I agree. Congrats on a great new show, and is it a sports podcast?
Pablo Torre: Technically? We do satisfy the letter of sports-podcast law: every episode mentions sports, in some way, even if it’s just one sentence. But even the “podcast” classification is a bit murky. While every episode is audio-first, our shows are also videotaped and edited to be bonafide TV shows, airing on the DraftKings Network and on YouTube. Which I then send out in the form of a free Substack newsletter.
But the reason this production is a sports show, spiritually speaking, is the same reason I’ve devoted my professional life to sports journalism: it’s a vast portal through which you can get smarter about — and laugh at — everything else in the world. My goal is for every single episode to be plausibly interesting to someone who has no idea who LeBron James and Tom Brady even are. It’s a sports version of Radiolab or This American Life, in that way.
DE: This gets into an issue I feel acutely. When I started this newsletter, I talked to a great guy who managed Condé Nast newsletters, and he gave me tips, one of which was that my audience should know what to expect. I told him that I wasn’t even sure what to expect. I enjoy bouncing around, but the challenge is that I never know what’s coming, and neither do readers. I struggle with this in all my projects, really — what are the boundaries?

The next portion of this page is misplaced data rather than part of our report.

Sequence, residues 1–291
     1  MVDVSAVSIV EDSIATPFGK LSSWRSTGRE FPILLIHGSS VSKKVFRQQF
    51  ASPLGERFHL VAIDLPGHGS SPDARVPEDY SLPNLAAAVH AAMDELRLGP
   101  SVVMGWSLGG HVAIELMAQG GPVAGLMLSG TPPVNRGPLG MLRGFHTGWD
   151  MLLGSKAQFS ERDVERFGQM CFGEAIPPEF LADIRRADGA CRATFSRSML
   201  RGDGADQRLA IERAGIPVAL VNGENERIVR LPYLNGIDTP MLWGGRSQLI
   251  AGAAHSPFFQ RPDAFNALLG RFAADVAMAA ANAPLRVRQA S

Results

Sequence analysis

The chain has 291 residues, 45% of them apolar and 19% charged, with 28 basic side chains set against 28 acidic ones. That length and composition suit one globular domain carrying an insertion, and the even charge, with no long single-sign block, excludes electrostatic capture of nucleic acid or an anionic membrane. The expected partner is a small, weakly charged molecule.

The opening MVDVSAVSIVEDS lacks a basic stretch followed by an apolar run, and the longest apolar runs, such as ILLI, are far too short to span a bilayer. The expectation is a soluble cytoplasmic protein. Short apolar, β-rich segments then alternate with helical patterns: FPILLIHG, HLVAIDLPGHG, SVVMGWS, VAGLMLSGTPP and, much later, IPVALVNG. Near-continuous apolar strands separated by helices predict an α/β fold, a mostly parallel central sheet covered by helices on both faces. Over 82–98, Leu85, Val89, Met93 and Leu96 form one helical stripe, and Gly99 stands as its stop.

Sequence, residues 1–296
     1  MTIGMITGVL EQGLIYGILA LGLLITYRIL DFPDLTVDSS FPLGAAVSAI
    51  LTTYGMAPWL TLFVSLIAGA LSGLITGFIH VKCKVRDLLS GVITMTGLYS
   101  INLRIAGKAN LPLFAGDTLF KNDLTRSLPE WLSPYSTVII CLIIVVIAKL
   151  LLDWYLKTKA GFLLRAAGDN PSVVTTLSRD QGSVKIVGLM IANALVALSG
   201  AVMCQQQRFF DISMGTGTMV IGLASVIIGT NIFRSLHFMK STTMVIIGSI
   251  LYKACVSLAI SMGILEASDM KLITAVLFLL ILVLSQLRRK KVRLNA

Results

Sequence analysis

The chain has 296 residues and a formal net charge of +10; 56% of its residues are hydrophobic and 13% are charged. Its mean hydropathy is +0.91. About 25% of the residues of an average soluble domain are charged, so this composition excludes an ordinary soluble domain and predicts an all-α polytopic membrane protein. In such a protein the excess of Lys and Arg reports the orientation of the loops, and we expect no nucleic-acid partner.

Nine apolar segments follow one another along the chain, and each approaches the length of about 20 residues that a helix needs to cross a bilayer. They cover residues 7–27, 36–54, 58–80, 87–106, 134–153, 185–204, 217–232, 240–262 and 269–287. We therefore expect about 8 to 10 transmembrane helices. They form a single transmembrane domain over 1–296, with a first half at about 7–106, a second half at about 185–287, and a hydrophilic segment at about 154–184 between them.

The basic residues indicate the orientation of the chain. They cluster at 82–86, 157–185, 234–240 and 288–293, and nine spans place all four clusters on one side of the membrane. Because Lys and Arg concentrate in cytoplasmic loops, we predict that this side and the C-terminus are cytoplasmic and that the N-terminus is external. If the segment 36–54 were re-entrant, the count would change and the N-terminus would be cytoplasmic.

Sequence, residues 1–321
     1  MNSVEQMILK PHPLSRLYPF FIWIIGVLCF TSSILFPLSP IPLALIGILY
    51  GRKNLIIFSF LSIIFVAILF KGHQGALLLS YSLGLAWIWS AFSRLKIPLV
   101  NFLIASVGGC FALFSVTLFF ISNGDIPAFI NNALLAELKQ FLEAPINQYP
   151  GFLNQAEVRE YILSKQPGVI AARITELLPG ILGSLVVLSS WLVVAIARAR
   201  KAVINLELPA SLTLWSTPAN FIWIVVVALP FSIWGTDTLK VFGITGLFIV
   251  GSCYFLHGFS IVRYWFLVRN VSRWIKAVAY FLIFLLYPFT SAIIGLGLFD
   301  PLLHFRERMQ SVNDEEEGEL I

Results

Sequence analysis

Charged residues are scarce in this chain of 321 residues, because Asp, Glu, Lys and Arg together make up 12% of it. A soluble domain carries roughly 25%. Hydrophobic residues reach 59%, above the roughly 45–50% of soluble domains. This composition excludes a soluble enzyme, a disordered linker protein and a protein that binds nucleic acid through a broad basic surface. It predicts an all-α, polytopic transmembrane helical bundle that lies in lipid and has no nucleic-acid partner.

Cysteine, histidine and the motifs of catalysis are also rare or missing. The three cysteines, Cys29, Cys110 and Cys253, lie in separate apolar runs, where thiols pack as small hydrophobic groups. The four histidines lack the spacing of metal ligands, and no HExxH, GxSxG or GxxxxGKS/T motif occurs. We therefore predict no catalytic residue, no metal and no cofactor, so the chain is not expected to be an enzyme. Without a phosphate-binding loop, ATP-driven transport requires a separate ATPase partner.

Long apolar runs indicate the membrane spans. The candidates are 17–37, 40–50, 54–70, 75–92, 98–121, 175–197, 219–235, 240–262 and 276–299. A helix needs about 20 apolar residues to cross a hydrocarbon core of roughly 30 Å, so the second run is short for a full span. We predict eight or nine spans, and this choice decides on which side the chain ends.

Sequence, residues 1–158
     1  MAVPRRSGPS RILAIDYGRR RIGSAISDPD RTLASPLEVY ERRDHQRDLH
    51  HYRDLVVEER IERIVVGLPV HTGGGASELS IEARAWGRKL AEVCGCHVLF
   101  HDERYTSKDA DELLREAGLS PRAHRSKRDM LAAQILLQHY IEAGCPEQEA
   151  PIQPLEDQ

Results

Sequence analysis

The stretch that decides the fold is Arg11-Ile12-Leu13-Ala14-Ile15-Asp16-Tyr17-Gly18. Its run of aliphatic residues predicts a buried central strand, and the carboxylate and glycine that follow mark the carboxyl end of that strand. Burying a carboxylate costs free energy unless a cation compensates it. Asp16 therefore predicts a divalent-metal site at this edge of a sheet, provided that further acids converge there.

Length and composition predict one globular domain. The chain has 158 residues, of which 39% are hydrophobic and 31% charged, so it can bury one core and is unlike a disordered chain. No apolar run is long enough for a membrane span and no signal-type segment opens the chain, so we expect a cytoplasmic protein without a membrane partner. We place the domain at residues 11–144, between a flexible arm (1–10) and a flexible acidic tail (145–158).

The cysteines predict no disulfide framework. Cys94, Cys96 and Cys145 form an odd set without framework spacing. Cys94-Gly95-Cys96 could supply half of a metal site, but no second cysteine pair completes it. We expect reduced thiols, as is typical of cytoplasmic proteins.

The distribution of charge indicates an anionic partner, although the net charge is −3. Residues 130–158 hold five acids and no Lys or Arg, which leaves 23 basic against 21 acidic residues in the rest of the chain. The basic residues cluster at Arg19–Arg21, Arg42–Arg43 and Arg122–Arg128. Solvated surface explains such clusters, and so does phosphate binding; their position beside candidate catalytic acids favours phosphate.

Your podcast is often linked to sports, but sometimes you just have a popular comedian on to share behind the scenes stories. Or once you had Maury Povich reflecting on shenanigans from his old talk show. How do you define the purview of your show?
PT: My show’s title — Pablo Torre Finds Out — is its purview. I vow that a journalist named Pablo Torre is finding out stuff, by the end. And so it really does feel like I’m creating my own magazine: an outlet that, in dangerously heretical contravention of The Algorithm, will serve you stories that you didn’t know were coming. The struggle around expectations you just articulated is also the whole fun of it.